Mr. Gene Cryer Editor
Ft. Lauderdale,ear Mr. Cryer:
Your editorial of5 suggesting that the Central Intelligence Agency wields an arbitrary censorship power over its present and former officials may tend to mislead your readers. All Agency employees accept,ondition of employment with CIA, that they will submit anything they write about intelligence to pre-publication review. This review process is designed to insure that there is no Inadvertent release of classified information, and makes no attempt to alter the views of Agency authors or to correct their errors.
The charges leveled by Admiral Stansfleld Turner, suggesting that the CIA Insisted that he remove unclassified material from his book, have no validity. Admiral Turner's manuscript was subjected to the same carefully formulated classification standards that have been applied to hundreds of other authors. The Agency's experience with this process, which was indeed instituted by Admiral Turner when he was Oirector of Central Intelligence, shows that itnly effective when the same standards are applied equally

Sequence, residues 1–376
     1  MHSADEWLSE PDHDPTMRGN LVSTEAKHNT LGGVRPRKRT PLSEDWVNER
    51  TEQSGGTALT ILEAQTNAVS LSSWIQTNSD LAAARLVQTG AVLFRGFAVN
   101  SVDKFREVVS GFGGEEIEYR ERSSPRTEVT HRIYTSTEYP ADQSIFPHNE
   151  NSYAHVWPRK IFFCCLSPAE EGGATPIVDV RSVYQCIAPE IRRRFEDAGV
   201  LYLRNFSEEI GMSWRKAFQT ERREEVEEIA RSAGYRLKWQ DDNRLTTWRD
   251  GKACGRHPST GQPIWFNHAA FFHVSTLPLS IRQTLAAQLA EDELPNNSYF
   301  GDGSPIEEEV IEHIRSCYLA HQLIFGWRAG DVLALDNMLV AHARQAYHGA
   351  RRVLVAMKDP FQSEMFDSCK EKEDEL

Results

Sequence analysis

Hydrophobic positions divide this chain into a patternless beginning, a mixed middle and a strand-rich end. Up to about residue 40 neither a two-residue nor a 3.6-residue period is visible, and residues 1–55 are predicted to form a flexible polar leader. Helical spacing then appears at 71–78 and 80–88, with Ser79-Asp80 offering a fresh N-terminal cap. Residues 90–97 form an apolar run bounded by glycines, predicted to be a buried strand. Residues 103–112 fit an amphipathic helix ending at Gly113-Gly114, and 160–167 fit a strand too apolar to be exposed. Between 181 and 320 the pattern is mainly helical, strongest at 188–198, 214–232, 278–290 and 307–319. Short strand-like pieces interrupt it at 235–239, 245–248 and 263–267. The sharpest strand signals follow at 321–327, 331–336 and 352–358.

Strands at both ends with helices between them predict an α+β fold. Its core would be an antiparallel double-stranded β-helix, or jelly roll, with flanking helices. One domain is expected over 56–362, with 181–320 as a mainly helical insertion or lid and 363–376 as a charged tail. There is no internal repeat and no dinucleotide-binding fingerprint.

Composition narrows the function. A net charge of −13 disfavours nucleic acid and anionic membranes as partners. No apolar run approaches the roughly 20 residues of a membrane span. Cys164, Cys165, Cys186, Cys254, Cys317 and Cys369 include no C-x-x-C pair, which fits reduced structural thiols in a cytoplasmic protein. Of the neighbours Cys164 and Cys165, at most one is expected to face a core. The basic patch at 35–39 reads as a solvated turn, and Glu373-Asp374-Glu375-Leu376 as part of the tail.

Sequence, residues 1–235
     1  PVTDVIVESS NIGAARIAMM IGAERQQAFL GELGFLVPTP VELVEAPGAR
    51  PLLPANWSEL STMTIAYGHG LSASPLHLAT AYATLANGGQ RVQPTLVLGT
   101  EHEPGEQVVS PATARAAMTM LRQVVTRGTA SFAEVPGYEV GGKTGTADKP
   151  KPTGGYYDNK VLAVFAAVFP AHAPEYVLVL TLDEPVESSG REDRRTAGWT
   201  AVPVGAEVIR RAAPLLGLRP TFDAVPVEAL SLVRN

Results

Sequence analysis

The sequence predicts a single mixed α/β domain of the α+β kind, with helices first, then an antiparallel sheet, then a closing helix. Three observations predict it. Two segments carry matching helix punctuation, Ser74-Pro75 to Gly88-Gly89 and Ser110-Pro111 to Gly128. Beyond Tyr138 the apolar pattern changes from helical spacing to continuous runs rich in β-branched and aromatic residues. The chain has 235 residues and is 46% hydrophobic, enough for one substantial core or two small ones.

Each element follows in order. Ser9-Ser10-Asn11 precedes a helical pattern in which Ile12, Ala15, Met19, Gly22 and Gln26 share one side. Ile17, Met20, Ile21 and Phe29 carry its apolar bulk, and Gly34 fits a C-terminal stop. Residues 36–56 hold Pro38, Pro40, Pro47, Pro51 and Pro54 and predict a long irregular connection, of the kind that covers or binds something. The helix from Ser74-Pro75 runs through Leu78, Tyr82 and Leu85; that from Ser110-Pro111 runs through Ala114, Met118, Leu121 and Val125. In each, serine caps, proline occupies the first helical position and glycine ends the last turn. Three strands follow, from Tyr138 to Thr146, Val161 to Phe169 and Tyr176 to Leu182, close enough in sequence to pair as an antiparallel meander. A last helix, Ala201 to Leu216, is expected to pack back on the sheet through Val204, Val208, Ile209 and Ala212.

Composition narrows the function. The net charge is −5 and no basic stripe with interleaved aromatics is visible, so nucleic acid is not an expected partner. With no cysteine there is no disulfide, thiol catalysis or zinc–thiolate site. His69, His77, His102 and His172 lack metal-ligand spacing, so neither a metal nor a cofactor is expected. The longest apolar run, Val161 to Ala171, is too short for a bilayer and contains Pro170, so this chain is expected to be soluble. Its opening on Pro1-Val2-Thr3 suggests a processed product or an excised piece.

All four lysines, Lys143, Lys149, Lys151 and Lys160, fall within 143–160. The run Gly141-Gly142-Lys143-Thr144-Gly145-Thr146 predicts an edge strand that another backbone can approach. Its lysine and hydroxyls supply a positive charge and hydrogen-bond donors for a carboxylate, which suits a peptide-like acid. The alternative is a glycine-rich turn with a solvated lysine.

Your statement that the CIA has not commented publicly on Admiral Turner's charges is Incorrect. In fact, the Agencytatement on5 about Admiral Turner's allegations,opyttached for your use. The committees of the Congress are well aware of CIA's publications review process, and there has been no effort to sweep this cas< under the rug.' The Central Intelligence Agency is devoted to providing itsnation's most senior policythe truth. It makes no effort to prevent either Its critics or Its supporters from writing or orally presenting their views, as long as national securityrotected.
George V. Lauder Director, Public AffairsOriginal document.